A general diffeomorphism is **not** part of the conformal group. Rather, the conformal group is a subgroup of the diffeomorphism group. For a diffeomorphism to be conformal, the metric **must** change as,

$$g_{\mu\nu}\to \Omega^2(x)g_{\mu\nu}$$

and only then may it be deemed a conformal transformation. In addition, all conformal groups are Lie groups, i.e. with elements arbitrarily close to the identity, by applying infinitesimal transformations.

**Example: Conformal Group of Riemann Sphere**

The conformal group of the Riemann sphere, also known as the complex projective space, $\mathbb{C}P^1$, is called the Möbius group. A general transformation is written as,

$$f(z)= \frac{az+b}{cz+d}$$

for $a,b,c,d \in \mathbb{C}$ satisfying $ad-bc\neq 0$.

**Example: Flat $\mathbb{R}^{p,q}$ Space**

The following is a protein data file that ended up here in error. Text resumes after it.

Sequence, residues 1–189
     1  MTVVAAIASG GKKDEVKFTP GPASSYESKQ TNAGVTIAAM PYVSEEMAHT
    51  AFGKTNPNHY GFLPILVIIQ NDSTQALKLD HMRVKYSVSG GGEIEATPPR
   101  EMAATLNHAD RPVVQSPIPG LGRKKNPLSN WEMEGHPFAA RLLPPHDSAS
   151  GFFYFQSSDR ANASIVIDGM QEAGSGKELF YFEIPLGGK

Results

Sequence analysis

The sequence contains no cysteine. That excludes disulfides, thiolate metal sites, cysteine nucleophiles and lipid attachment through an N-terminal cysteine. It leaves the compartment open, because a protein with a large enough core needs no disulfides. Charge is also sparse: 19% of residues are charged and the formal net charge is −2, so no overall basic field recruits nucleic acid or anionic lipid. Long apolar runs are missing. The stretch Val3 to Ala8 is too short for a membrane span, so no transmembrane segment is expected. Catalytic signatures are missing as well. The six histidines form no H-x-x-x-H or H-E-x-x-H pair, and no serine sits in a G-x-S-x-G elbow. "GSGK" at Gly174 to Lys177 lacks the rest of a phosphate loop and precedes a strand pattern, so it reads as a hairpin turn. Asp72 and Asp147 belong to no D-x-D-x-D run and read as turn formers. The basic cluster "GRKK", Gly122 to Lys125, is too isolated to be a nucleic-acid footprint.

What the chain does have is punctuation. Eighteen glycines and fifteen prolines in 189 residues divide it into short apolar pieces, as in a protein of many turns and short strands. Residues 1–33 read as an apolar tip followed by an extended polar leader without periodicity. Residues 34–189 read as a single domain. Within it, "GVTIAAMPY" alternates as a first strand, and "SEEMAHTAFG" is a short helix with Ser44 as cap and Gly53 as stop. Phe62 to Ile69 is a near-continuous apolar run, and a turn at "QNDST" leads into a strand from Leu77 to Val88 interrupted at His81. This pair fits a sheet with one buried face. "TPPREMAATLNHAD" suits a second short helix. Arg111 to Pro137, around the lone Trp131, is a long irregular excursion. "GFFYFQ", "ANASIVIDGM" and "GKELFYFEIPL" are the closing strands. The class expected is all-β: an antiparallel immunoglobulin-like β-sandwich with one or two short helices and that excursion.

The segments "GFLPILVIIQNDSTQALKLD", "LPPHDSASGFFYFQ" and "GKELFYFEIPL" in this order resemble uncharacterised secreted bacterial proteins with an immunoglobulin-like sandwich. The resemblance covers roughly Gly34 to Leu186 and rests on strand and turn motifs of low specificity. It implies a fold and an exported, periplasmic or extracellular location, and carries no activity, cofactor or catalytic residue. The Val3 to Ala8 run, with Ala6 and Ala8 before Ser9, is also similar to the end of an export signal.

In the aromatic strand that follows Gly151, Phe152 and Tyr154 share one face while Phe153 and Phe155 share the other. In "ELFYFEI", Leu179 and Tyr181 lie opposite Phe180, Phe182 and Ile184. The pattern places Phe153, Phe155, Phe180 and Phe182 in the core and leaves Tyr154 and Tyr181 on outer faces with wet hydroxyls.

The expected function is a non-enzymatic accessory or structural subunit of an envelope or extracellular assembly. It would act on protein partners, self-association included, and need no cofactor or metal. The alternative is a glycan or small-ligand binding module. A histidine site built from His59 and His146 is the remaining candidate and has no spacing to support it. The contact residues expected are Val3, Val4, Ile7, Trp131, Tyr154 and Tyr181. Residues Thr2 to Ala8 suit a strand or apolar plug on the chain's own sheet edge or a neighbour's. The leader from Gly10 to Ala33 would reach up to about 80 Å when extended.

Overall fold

For flat Euclidean space, the metric is given by

$$ds^2 = dz d\bar{z}$$

where we treat $z,\bar{z}$ as independent variables, but the condition $\bar{z}=z^{\star}$ signifies we are really on the real slice of the complex plane. A conformal transformation takes the form,

$$z\to f(z)\quad \bar{z}\to\bar{f}(\bar{z})$$

which is simply a coordinate transformation, and the metric changes by,

$$dzd\bar{z}\to\left( \frac{df}{dz}\right)^{\star}\left( \frac{df}{dz}\right)dzd\bar{z}$$

as required to ensure it is conformal. We can specify an infinite number of $f(z)$, and hence an infinite number of conformal transformations. However, for general $\mathbb{R}^{p,q}$, this is not the case, and the conformal group is $SO(p+1,q+1)$, for $p+q > 2$.

This post imported from StackExchange Physics at 2014-06-06 20:08 (UCT), posted by SE-user JamalS